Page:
The Supreme Court of the United States' recent decision in Wal-Mart v. Dukes provides the framework for determining when employment class actions may proceed and guidance on how employers can defend against putative class claims. In Dukes, the plaintiffs alleged gender discrimination because of a supposed "core company culture" facilitating discriminatory promotions and wage increases in violation of Title VII against approximately 1.5 million current and former female Wal-Mart employees from over 3,400 stores across the country. The three named plaintiffs worked in California Wal-Marts, where the U.S. District Court for the Northern District of California and U.S. Court of Appeals for the Ninth Circuit Court initially certified the class. A five-member majority of the Supreme Court refused to certify such a large class because it lacked several key elements of "commonality." Equally important, the Court clarified key class action principles.
Justice Scalia's majority opinion emphasized that certification depends upon a common contention, capable of class-wide resolution, with common answers apt to drive the resolution of the litigation.
Generating a common answer required the plaintiffs to demonstrate that "discrimination was the company's standard operating procedure." The Court, however, found a wide gap between any specific denial of a promotion and unsupported allegations that the company had a policy of discrimination, and required that the ultimate outcome of the case must answer the crucial question of "why was I disfavored?" to proceed as a class action.
The issue as framed by the Court was whether the plaintiffs had provided sufficient evidence of any uniform employment practice that met the test of plausibility. The Court distinguished between the possibility that a discriminatory culture can exist when local management has discretion to promote and increase wages, and the fact that one does exist which ultimately results in discrimination, holding that the former "does not lead to the conclusion that every employee in a company using a system of discretion has such a claim in common." The Court's plausibility analysis is similar to that first established in non-class cases in Ashcroft v. lqbal, and Bell Atlantic Corp. v. Twombly. The Dukes plaintiffs simply lacked commonality because they held numerous jobs varying in responsibility for different lengths of time, working under different supervisors in multiple regions across the country.
The plaintiffs relied primarily on the testimony of a sociologist, Dr. William Bielby, who conducted a highly questionable so-called "social framework analysis" of Wal-Mart's "culture" and personnel practices. Dr. Bielby concluded that the company was supposedly vulnerable to gender discrimination by permitting unconscious bias. The District Court concluded that the Daubert test for admission of expert testimony did not apply at the certification stage of class action proceedings, but the Supreme Court strongly suggested to the contrary. The Court effectively performed a Daubert test of its own, citing scholarly works refuting Bielby's pseudo-scientific conclusions. The Court found Bielby's "testimony [did] nothing to advance [the plaintiffs'] case," because he could not determine what percentage of the employment decisions at Wal-Mart were allegedly the result of stereotyped thinking.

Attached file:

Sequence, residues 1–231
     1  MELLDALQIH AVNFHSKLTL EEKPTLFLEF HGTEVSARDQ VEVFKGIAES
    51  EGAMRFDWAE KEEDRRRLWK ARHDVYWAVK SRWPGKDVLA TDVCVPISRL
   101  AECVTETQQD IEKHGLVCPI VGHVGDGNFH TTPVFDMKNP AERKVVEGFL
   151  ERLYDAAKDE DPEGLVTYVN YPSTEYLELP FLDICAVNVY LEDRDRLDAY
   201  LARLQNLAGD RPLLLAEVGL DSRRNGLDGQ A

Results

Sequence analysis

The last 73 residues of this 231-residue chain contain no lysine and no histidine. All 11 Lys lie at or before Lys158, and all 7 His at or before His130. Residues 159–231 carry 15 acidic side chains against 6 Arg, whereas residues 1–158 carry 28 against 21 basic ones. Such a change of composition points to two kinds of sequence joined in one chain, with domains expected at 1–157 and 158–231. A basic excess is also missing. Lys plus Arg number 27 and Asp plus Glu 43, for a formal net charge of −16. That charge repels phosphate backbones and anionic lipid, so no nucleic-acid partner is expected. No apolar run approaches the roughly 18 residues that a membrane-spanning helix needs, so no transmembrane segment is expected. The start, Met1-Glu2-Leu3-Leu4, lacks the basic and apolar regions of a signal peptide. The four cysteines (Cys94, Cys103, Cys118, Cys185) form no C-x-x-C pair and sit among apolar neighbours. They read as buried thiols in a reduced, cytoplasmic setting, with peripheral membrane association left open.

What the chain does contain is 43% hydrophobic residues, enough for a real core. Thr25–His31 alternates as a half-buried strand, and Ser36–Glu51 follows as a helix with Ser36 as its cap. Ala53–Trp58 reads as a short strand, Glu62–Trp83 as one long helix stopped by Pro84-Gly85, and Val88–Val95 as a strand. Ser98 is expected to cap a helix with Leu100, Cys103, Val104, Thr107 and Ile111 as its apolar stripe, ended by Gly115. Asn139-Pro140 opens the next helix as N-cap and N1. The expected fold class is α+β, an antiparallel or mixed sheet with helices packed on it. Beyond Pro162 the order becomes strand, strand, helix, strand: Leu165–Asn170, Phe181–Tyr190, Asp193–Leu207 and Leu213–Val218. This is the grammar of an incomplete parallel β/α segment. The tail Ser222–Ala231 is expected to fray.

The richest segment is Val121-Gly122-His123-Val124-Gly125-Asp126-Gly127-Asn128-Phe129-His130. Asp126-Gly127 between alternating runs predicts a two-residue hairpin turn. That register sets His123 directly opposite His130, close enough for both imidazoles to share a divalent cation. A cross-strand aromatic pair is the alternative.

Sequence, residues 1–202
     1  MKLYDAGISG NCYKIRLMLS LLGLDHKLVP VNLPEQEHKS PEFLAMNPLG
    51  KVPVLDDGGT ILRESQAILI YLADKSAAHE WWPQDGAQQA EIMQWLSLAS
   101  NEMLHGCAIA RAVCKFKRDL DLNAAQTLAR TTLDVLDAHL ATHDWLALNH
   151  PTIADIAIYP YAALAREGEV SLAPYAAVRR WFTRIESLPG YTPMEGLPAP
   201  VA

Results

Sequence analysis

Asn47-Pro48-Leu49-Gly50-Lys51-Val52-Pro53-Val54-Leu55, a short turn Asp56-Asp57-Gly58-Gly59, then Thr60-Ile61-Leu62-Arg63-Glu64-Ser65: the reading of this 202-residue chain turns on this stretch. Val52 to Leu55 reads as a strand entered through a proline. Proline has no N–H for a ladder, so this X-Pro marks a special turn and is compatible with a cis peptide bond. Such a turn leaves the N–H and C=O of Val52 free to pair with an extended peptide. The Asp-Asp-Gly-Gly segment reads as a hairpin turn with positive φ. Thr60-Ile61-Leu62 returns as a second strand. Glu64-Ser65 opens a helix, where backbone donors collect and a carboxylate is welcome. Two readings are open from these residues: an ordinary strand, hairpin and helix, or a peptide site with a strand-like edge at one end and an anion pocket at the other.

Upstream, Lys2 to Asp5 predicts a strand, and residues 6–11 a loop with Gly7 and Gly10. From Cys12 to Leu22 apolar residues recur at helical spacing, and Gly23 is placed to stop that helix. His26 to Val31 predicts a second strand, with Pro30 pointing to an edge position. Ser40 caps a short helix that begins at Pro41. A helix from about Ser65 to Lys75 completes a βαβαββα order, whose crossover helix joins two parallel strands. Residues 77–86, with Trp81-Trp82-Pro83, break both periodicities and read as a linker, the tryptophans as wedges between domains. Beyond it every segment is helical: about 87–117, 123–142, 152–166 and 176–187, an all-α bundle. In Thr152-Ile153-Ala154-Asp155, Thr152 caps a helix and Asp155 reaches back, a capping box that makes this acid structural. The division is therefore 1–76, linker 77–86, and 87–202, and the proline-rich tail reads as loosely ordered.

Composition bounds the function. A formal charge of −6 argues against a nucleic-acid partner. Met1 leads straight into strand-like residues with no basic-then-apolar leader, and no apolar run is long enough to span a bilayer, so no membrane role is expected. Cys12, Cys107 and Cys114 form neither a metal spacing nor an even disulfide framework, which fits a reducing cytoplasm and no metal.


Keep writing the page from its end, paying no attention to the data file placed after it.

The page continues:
The plaintiffs' statistical evidence was no more helpful. It did not address employment decisions at the store level despite their claims of excess discretion producing disparities at the store level.
The Court also unanimously denied the plaintiffs' request for individual backpay awards, reaffirming that class claims for monetary relief may not be certified under FRCP 23(b)(2), where the monetary relief is not incidental to the injunctive or declaratory relief requested. The plaintiffs' claims were for just such individualized claims for money payments. The critical element of a "(b)(2) class is the indivisible nature of the injunctive or declaratory remedy warranted." Employers should note that Rule 23(b)(3) may nevertheless permit class certification when each individual class member would receive an individualized award.
Dukes is certainly helpful to employers, but it does not by any stretch of the imagination provide complete immunity from employment discrimination or wage and hour class actions when plaintiffs can show commonality and that a class action decision would produce a common answer for all class members. After Dukes, employers should assure that local management discretion is clearly subject to strong Equal Employment Opportunity ("EEO") policies that ban discriminatory exercise of discretion and provide employees with a complaint mechanism for any perceived EEO issues.